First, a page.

Take the scene in which Berg drops his father Nathaniel’s beloved pet bird, still in its cage, down several flights of stairs as his father looks on. On the face of it, this act is frankly cruel and violent; yet the bird was already dead when Berg dropped it, and he knew it was when he did. In fact, Berty the budgie had been previously starved and/or strangled by Nathaniel’s mistress, Judith, in retaliation for Nathaniel’s crime of accidentally letting out her cat, Sebastian, who was then killed, perhaps accidentally, by Berg, though no one knows Berg did it, and he didn’t know it was Judith’s cat when he did. So while Berg doesn’t set out with intentions to hurt Judith or her cat, he winds up killing the one and upsetting the other; and while he professes a desperate desire to murder his father, instead he drops a dead bird down some stairs. Throughout the novel, Berg’s violence is a joke (if not so funny for the cat), and moreover was set up as a joke from the beginning, an Oedipal one-liner with the sing-songy rhythm of a syllogism . . .

 

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A Conversation with Paul Griffiths

A Conversation with Paul Griffiths

SE: Your book let me tell you is a novel you wrote from the perspective of Hamlet’s Ophelia, and, in an Oulipian twist, you only use words that Ophelia speaks in Shakespeare’s Hamlet. I found the results to be quite remarkable. To start, a very fundamental question—perhaps the key question: why Ophelia?

PG: I began with the idea of taking all the words spoken in Hamlet and rearranging them into a new text. However, it didn’t take me very long to realize that while initially I could say almost anything with this stock of words, unless I took huge care in monitoring what I was using, I could easily end up with a highly resistant residue of archaisms and prepositions.

I therefore decided to use not all the words in the play, once each, but all the words spoken by one character, with no restriction as to number of uses. Now if you choose Hamlet as your character, his vocabulary is so vast there’s virtually no constraint—and I needed an active constraint to make the book work. If you choose Francisco, there’s the opposite problem, of being able to say only a very little. Ophelia has enough words to express herself on all sorts of matters, but also few enough that she is constantly bumping up against the unsayable.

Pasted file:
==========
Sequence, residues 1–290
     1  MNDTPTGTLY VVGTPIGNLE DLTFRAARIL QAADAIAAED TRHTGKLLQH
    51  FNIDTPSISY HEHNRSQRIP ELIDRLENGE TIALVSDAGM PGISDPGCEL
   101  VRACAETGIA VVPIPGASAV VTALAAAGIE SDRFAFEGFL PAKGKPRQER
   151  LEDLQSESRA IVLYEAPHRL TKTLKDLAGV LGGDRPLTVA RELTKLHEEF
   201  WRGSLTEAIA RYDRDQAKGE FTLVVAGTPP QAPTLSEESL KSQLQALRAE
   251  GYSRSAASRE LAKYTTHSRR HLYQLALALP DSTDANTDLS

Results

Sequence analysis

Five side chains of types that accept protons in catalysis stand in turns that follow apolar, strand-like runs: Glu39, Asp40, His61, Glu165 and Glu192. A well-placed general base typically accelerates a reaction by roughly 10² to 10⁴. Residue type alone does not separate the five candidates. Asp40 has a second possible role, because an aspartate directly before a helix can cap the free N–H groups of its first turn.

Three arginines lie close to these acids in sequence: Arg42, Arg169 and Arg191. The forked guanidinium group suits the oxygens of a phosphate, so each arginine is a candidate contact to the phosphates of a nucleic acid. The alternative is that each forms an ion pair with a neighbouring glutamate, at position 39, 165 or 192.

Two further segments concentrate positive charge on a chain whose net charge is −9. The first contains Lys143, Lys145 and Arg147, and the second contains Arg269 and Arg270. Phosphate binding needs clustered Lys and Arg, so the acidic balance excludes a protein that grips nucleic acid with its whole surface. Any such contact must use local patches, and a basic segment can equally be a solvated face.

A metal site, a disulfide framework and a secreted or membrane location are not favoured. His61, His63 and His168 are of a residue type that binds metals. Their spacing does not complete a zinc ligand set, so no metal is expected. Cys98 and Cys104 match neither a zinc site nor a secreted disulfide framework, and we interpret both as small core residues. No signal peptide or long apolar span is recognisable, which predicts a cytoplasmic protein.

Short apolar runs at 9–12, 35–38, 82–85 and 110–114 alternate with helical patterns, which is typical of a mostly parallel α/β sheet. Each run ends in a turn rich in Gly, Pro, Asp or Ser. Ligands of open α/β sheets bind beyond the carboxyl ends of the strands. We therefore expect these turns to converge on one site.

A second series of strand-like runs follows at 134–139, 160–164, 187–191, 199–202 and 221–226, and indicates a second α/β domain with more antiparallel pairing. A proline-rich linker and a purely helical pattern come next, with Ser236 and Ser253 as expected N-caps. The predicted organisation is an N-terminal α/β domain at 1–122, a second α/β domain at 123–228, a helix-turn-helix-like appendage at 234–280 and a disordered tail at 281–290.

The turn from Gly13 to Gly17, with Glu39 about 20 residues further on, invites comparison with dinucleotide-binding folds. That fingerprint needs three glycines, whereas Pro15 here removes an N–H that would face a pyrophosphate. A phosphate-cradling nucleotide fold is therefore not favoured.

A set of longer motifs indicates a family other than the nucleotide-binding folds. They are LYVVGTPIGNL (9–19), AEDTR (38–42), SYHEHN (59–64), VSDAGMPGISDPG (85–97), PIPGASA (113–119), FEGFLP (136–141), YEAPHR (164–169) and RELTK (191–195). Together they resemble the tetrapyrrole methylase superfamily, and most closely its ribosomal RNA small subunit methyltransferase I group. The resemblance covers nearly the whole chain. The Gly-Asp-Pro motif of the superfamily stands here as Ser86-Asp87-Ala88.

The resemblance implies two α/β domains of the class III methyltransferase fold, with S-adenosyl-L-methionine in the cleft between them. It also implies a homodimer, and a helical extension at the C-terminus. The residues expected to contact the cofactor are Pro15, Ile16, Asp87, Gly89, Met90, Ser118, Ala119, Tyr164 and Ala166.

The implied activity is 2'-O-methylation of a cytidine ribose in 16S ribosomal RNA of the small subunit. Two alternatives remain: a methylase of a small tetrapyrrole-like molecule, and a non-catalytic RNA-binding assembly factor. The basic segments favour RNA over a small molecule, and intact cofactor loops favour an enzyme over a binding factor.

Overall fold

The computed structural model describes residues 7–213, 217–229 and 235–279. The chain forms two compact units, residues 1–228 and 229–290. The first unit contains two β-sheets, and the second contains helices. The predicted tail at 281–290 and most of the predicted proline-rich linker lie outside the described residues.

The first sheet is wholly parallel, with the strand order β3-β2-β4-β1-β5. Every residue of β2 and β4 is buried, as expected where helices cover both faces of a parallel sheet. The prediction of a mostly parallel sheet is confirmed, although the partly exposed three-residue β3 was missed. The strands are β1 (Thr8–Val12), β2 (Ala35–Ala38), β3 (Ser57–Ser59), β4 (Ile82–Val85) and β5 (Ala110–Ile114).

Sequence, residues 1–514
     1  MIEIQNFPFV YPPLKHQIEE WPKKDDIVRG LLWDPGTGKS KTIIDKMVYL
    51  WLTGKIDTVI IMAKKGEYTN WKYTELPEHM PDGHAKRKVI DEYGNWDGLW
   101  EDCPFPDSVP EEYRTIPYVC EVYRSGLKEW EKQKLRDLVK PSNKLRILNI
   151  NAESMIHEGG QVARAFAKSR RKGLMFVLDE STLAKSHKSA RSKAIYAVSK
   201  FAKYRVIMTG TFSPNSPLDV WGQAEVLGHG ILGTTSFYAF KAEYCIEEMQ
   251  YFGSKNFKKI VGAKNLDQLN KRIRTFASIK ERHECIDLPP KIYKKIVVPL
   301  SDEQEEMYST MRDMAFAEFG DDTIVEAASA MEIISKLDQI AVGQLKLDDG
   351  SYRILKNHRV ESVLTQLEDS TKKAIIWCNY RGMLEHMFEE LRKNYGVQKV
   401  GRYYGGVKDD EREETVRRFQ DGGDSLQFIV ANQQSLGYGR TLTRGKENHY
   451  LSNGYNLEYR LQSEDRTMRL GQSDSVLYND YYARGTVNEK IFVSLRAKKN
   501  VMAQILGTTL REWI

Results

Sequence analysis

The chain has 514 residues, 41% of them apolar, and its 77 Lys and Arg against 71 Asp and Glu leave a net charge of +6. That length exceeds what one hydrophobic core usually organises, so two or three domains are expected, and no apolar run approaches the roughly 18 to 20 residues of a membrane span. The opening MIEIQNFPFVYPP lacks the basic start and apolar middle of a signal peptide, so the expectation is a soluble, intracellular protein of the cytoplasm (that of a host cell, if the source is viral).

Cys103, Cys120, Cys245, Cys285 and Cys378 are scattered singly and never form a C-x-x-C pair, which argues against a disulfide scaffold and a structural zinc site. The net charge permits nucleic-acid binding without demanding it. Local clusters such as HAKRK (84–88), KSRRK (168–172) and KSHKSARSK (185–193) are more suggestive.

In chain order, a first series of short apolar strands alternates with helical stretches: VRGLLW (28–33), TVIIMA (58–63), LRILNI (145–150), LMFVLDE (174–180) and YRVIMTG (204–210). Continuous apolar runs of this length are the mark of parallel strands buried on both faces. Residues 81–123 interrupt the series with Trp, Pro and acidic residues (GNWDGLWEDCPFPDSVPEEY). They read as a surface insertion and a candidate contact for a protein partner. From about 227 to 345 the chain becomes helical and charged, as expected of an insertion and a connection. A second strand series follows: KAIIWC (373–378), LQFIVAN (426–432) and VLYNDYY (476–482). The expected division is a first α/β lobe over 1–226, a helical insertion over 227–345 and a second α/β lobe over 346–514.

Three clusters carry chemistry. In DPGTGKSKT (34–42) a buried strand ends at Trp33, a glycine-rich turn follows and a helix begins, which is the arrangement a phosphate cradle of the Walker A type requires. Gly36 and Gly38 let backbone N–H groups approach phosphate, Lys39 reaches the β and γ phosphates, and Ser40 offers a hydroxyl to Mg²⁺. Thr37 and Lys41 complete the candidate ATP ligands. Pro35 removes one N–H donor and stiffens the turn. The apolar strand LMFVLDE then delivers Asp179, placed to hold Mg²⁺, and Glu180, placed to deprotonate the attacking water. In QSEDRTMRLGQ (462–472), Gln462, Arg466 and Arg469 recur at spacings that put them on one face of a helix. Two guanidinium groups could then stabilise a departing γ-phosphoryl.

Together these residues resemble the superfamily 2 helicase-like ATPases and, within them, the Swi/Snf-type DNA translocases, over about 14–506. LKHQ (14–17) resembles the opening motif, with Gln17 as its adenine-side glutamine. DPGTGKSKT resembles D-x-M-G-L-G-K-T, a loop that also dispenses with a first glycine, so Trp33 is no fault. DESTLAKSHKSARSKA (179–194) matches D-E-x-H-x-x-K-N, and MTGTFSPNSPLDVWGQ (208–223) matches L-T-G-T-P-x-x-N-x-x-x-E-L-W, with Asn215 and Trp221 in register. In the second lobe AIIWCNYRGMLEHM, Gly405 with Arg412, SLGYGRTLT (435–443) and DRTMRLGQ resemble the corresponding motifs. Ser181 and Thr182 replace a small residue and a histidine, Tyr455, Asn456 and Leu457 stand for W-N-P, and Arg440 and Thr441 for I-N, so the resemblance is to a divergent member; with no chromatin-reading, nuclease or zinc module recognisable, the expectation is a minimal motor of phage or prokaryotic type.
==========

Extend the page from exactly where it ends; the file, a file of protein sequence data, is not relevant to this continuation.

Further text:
The constraint also allowed her to give readers the experience of reading words they have read before but are reading now in a new context. Because her mad scenes introduce a language that is unusual and therefore memorable, the reader easily recognizes, for example, where “rosemary” comes from.

At the same time, I wanted the book to do what novels generally do: tell a story. Ophelia has one of the play’s most powerful lines: “Lord, we know what we are, but know not what we may be.” My attempt was to give her something of what she may be.

Also, and again quite aside from the constraint, here was a character who invites questions, a character who has very little opportunity to speak for herself in the play, and may now do so . . .

 

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Home Away from Home

Home Away from Home

I won’t go into all the ways Dubravka shaped my life—how she helped me put together my first book of fiction, a collection of rewritten stories, like her own Lend Me Your Character; the forceful advice when I needed it that won over the woman I would later marry. I hope someone else in this issue talks about how the patchwork novel Steffie Cvek in the Jaws of Life [collected within Lend Me Your Character], stitched together out of women’s magazines, sewing patterns, dialects, storylines, ideologies, and clichés, is the best postmodern feminist novel ever written, and by far the funniest. But I do want to describe the two things Dubravka said that I think about all the time, to this day.

She took me along to a dinner with one of what she always called her “countrymen”—a former-Yugoslavian, in several senses, washed up in Amsterdam and making his way as best he could. He was kind, in a way that didn’t seem quite right: a little too Buddhist, a little too California. You could see all the work he had done to convince himself, or at least Dubravka could. I liked meeting him, but Dubravka was fuming, furious: she couldn’t stand the forgiveness shtick. “No sympathy for jerks!” she announced to the canal and me on the walk home. “I’m not fuckin’ Dostoyevsky!”